Presenter: Nik Gowing
Guests: Dr Makanjuola Olaseinde Arigbede; Andrew Bennett; Kevin Cleaver; Crawford Falconer; Professor LouiseFresco; Anthony Gooch; Duncan Green; Simeon Greene; The Honourable Kate Kainja Kaluluma; Paul Nicholson;Esther Penunia; Professor Norah Olembo; Peter Robbins; Dr. Pedro Sanchez
NIK GOWING: in the rich countries and the poorer countries, in the developed world and the developing world, in the north and the south smallholder farmers are leaving the land. Our food is increasingly being produced by big business. As long as there is food for you and me to buy does it matter? A growing body of expert opinions says yes it does.Studies show that in poorer countries the tens of millions of small farms are a win win for economic growth and poverty reduction. They are more efficient than large farms. They keep large numbers of people in paid productive work and they ensure secure supplies of food. So if small farms are so important why is their very existence under threat? Why should we care about failing the farmer?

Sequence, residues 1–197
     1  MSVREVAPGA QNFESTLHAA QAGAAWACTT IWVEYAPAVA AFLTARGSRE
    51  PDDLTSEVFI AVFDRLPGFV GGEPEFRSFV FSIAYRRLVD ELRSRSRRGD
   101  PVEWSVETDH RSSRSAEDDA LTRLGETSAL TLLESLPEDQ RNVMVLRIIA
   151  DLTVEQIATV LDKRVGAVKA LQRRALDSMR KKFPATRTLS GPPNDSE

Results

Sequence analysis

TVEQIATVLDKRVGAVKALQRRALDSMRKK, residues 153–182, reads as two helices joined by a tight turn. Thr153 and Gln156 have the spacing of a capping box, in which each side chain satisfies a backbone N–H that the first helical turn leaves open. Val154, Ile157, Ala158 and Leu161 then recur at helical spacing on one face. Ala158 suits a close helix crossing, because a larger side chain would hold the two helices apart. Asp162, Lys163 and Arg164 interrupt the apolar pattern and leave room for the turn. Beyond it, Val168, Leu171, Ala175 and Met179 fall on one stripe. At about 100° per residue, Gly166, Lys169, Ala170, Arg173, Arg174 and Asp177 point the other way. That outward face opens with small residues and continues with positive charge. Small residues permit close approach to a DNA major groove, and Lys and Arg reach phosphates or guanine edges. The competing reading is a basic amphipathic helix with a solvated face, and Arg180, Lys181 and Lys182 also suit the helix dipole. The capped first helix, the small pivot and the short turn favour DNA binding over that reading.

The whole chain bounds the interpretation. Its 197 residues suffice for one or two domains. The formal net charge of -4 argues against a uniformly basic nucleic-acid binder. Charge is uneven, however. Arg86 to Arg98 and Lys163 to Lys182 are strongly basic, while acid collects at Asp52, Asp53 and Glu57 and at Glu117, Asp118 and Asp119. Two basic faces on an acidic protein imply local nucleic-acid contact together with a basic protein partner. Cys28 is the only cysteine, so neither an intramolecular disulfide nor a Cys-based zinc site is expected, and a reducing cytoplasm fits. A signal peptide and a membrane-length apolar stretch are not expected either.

Well we’ve brought together an international panel of farmers’ representatives, from government, from tradebodies, scientists, business, non governmental organisations and donor agencies to discuss whether we are failing the farmer. Let’s hear from three smallholder farmers for whom farming is their way of life that’s under threat. Paul Nicholson, you’re a farmer from the Basque region in Northern Spain, you speak for the international peasant movement which is La Via Campesina. Why should we be caring about the small farmer? Small farmers produce the majority of all the food we consume wherever we are in this world.File: FAC_E-Debates_External_Gowing_Failing_Farmer_Oct_08.pdf